New Director Seeks Many Perspectives On SMU Athletics
Rick Hart, who joined SMU in July as its 13th director of athletics, is a third-generation athletics administrator. Hart’s father, Dave, is director of athletics at the University of Tennessee, and his late grandfather, Dave Sr., served in a variety of roles within collegiate athletics, including a stint as commissioner of the Southern Conference. Before coming to SMU, Rick Hart served for six years as athletics director at the University of Tennessee at Chattanooga, overseeing a program that won 17 regular-season and 22 postseason Southern Conference titles. Before that, he spent seven years at the University of Oklahoma Athletics Department. In the following interview, Hart discusses his vision for SMU athletics.
What is your long-term vision for SMU athletics?
What drew me here are assets that you can’t just go out and acquire anywhere – SMU’s reputation and high academic quality, a vibrant city, strong leadership, community involvement and alumni support. So when you look at that, our vision should be to become a premier program in the country. I am making sure that I understand the goals of the institution so I can align the Athletics Department with the vision that President (R. Gerald) Turner and the Board of Trustees have for SMU. We’ve got good people and strong coaches, and our academic reputation is among the top in the country. We must ensure that our athletics program reflects the high standards that the University has for its students. We want to continue to be known as an athletics program that graduates its students, prepares them for life, competes for championships and makes a positive impact on the community.
We’re developing a plan that will better define our mid- and long-range goals and vision, and hope to share a draft with the president around the first of the year. This is an inclusive process, so we’re involving the people closest to the program – student-athletes, coaches and staff – gathering feedback and ideas. I also want to include faculty, staff, administrators, students, donors, ticket-holders, supporters, alumni and former student-athletes so that when we implement this plan, it’s representative of as many groups as possible. The process creates ownership and buy-in because the plan is something that they will have helped to create.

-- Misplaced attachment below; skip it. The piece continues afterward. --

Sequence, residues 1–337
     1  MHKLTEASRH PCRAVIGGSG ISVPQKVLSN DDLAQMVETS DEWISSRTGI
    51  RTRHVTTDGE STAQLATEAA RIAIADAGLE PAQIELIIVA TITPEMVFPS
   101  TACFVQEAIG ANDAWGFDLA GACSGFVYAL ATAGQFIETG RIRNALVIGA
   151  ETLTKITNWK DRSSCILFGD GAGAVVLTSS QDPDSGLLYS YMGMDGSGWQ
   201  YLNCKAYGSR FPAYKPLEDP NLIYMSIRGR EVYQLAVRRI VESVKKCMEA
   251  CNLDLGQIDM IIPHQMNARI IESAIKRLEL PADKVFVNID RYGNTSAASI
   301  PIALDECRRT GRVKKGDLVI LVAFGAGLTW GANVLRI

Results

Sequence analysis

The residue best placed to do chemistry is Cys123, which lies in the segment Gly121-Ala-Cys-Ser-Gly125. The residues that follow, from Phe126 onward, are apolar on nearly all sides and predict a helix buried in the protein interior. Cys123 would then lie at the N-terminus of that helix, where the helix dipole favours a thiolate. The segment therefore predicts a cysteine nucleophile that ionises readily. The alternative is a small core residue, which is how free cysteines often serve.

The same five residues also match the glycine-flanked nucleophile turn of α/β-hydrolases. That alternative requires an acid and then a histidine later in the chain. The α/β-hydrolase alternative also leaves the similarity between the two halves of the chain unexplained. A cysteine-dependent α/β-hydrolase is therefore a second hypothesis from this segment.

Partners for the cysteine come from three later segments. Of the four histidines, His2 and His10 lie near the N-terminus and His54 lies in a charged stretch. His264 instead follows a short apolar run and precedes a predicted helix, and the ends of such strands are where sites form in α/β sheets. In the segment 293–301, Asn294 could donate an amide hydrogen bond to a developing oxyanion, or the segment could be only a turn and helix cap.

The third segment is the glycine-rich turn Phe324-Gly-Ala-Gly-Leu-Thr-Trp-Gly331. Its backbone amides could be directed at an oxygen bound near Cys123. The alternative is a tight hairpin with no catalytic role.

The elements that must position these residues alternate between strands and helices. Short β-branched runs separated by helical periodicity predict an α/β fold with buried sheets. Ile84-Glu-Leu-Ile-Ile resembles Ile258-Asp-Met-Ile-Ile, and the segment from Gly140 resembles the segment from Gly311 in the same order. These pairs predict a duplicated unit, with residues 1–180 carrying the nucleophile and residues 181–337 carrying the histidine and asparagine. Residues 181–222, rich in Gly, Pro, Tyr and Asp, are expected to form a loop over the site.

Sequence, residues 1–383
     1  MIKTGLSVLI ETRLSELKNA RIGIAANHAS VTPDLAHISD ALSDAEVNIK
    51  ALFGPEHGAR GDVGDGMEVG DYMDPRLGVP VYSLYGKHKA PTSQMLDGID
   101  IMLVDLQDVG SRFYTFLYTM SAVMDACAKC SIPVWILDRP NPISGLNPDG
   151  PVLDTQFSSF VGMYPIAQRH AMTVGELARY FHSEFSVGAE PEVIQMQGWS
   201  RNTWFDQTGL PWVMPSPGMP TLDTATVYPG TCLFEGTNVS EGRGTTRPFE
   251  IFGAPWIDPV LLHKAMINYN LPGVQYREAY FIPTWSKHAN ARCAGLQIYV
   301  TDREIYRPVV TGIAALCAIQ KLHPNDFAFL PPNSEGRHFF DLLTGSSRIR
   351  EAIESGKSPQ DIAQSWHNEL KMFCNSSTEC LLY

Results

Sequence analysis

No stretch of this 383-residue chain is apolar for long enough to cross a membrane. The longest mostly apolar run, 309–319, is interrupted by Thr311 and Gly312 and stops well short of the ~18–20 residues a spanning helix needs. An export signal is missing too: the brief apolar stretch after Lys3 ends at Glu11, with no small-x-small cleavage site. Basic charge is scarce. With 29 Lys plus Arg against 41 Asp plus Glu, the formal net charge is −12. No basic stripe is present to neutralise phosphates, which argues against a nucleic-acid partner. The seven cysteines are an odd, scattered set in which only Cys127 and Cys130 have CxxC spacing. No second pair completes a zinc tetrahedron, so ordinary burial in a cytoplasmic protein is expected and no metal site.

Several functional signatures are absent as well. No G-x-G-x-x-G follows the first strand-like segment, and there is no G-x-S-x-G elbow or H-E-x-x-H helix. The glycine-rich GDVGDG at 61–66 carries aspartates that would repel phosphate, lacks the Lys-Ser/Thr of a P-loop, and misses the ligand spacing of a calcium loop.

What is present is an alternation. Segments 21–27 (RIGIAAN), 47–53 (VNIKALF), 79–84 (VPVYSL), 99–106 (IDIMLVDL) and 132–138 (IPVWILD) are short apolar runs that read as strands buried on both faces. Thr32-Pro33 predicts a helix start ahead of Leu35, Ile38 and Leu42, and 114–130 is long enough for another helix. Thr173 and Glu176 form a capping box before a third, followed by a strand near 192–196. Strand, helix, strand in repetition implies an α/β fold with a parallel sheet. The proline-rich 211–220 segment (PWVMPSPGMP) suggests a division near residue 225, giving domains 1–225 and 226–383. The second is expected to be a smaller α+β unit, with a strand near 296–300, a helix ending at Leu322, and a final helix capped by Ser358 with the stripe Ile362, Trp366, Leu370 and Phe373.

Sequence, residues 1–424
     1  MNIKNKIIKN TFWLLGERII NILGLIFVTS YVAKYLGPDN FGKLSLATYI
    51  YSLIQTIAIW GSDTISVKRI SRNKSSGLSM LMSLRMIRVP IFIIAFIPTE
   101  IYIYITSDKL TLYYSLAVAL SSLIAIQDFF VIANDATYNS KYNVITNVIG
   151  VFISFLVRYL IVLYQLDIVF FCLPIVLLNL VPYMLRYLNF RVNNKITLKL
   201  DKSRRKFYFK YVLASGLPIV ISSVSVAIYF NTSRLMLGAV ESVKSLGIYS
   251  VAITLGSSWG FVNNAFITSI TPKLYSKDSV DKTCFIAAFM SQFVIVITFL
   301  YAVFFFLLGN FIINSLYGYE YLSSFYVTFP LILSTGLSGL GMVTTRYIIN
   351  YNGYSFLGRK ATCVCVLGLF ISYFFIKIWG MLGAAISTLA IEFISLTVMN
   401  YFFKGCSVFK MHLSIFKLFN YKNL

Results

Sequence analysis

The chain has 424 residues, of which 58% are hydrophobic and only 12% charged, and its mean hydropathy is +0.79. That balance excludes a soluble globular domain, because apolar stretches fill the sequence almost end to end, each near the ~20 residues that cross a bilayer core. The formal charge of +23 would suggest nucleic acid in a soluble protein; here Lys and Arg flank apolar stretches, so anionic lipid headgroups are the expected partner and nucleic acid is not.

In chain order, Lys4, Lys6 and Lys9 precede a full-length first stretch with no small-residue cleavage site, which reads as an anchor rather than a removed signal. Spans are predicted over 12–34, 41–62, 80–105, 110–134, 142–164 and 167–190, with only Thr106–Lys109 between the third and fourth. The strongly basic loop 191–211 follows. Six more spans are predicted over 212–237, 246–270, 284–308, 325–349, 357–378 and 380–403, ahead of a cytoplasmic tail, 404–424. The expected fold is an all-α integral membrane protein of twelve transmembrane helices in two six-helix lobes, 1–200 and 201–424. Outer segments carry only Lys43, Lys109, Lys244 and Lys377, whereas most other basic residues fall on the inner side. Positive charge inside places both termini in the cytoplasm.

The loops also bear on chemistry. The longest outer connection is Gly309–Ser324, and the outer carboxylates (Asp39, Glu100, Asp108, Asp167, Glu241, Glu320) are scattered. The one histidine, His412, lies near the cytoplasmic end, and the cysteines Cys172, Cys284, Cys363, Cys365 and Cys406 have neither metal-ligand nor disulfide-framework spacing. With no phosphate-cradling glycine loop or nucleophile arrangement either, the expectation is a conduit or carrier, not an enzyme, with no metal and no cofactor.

How will SMU’s move to the Big East Conference benefit the athletics program?
The Big East is known as one of the premier conferences in the country – arguably the best basketball conference and certainly among the top football conferences. I think that level of competitiveness will help make us a stronger program and give us a better sense of how SMU is performing nationally and where we need to improve. Some of it also has to do with prestige – to have a national presence, particularly in that Northeast corridor where SMU recruits a lot of students. We want to associate ourselves with institutions that aspire to the same things we aspire to.
What are the critical ingredients that go into building a successful collegiate athletics program?
People are the most important ingredient. You need to have people of integrity who work hard and are servant leaders. Whether it’s administration, faculty, staff, donors, alumni, ticketholders, volunteers or the media, everyone plays a role. People are the main ingredient that will determine success or failure.
To that end, how can alumni get involved in helping the program?
You just said it. The most important thing they can do is get involved. For some people that means being a supporter or a volunteer or just buying a ticket. There’s nothing more meaningful to our student-athletes than to know they’re supported and seeing people in the stands cheering them on as they display their athletic talents.
They could become donors. We have many different opportunities to give, even as little as a dollar a year. It doesn’t matter the amount, but get involved and help support our 398 student-athletes. At the end of the day, it takes resources to implement our plan, be effective and pursue comprehensive excellence.
– Chris Dell ’11